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Around two years ago I took some time out to analyse the top 50 Stumbleupon users. At the time, StumbleUpon was just starting to get noticed by internet marketers and as the service had the ability to send a lot of traffic to websites, people wanted to know more.
These days, Stumbleupon is about 8 million users bigger than the last time I did this and while it still has the ability to send thousands of visitors to a website, it seems to get talked about less and less. Now, some people will argue that there is no benefit to being a top user of the service while others claim that you should strive to be one if you want traffic from the site.
In my opinion, neither of these are true. I’ve had sites that I submitted get tens of thousands of visitors when I was a nobody, and the same when I was a somebody. However, I believe that there must be some benefit to being a top user or why would StumbleUpon even have a page about them in the first place?
Discussions on that aside, I thought it would be interesting once again to analyse the statistics of the top users. From this we can get a general idea of how active and engaging somebody needs to be on the site (or not) in order to be featured as a top user. StumbleUpon describes the path to becoming a top user as…
To become a Top Stumbler, simply use the toolbar on a regular basis, clicking I-like-it at any page other members would like to stumble upon.
…but I think there is more to it than that.
Two years ago when I did this there were 50 users on my list. Now, there are only 25 and what’s interesting is that I only recognise one of the top users from the previous testing (starspirit).
Sorry to my British readers for selling-out, but I’m going with the American spelling of favorites today. The number of favorites simply means how many sites a user has ‘liked’ (clicked thumbs up on). As you can see from the graph below, there are a couple of users who are far ahead of the pack:
I am quite surprised to see such a low figure for the least active top stumbler. I assume their status is because they are more active in other areas of the site or have gained a large number of subscribers.
Reviews are comments that stumblers have left about particular pages. It is not reviews of them, but rather feedback they have given on the pages they stumble across around the web. The users are much less divided here than for subscriber statistics:
It is very easy for anyone to Stumble a lot of pages quickly whereas it is quite time consuming to leave reviews regularly. Therefore, I believe this statistic links in closely to why top users are top users. I’m sure StumbleUpon want people leaving comments rather than just browsing around all of the time.
Additionally, I have a feeling this works on a percentage basis. So for example, even though one user has only left 113 reviews, I would say that is probably a similar percentage of their review-to-stumble ratio as someone further up the list.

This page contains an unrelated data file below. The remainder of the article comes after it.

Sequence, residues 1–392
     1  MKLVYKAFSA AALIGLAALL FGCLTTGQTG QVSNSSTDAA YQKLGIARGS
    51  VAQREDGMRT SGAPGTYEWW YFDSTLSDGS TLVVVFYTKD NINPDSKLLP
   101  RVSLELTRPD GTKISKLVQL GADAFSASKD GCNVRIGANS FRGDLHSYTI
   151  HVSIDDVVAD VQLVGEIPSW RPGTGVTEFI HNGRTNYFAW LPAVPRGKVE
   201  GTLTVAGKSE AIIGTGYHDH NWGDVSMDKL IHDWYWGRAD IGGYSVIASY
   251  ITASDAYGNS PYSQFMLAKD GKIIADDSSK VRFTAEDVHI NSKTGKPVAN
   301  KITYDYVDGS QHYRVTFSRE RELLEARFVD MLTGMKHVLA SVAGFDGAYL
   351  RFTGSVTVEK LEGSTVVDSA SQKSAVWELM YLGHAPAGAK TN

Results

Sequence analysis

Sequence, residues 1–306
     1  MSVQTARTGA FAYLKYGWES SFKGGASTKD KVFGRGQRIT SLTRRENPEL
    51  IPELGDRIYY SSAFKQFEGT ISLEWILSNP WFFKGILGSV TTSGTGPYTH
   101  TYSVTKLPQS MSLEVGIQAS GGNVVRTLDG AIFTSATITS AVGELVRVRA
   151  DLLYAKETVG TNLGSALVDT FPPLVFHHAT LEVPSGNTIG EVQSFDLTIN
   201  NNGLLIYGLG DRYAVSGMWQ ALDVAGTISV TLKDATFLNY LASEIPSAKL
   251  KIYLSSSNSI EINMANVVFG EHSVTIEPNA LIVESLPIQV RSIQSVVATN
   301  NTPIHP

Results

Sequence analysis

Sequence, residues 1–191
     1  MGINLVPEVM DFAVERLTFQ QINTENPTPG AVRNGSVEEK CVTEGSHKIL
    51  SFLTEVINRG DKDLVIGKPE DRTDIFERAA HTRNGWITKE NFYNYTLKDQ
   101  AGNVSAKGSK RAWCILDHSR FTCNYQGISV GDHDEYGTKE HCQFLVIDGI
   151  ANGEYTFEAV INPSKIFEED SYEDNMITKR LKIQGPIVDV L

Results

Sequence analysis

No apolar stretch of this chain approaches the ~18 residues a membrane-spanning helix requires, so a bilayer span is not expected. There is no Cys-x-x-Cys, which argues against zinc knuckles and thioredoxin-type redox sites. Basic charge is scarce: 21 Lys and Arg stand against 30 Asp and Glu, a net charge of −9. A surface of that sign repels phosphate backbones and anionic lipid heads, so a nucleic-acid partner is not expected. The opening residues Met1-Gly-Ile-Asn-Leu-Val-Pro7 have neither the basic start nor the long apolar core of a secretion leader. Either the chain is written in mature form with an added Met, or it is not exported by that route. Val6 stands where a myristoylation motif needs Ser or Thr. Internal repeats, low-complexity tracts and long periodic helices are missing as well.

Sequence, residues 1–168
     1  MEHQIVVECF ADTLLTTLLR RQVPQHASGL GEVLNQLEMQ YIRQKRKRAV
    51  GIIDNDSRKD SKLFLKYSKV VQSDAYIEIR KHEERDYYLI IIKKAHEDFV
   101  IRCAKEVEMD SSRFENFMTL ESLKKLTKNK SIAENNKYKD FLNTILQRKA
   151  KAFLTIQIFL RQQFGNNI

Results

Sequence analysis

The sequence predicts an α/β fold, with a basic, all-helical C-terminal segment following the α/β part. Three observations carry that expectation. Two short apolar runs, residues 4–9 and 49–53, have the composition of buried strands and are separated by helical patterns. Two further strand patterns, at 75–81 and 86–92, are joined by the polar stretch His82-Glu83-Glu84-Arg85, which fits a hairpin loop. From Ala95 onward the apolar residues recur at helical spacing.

StumbleUpon offers a percentage indicator which shows how similar you are to other members of the website. I thought it would be interesting to look at my own count and see if I’m really close to anyone in terms of what I stumble. Well, as it turns out, I’m not.
But here’s what I thought was interesting: the majority of Stumblers are within a 40-50% similarity range to me. Unless I’m being stupid, doesn’t that mean they are all inherently close to each other in terms of what they stumble?
Interestingly I was 51% similar and 47% similar with three users for each.
Along with number of reviews, I believe this statistic is one of the most crucial for defining a top user. After all, it would be hard for spammers to get subscribed to by a lot of regular and active accounts. If a user is being subscribed to (which means people can see what they stumble) then there’s a good chance they find good content and may find great information relevant to a particular topic.
There is quite a large gap between the top stumblers once again:
Although I’m sure this has no impact on someone becoming a top user, I thought it would be nice to look at the gender of the members and how they are split up. One thing I did note (which may not be surprising to many) is that only 3 of the 25 top users listed they were in a relationship. Some didn’t include any relationship status, but many clearly stated they were single.
Two of the top 25 users did not include their gender status but for the rest, the statistics were:
As with my previous analysis a few years ago, I expected there would be more males active on the service than women.
My account has ‘better’ stats than the top user who has the lowest figure in each of these criteria. However, I am also the furthest away from this person in terms of similarity than I am for anyone else. I’m starting to think that top user status is very much about what you stumble. I suspect that stumbling generic content that a lot of people love is more effective than focusing on a specific niche.
Of course I don’t recommend anyone change what they stumble just to try to get a leg up on the service. Finally, a word to marketers:
I hope you enjoyed this analysis. If you have ideas for other analytical posts you would like me to do, feel free to share them in the comments below.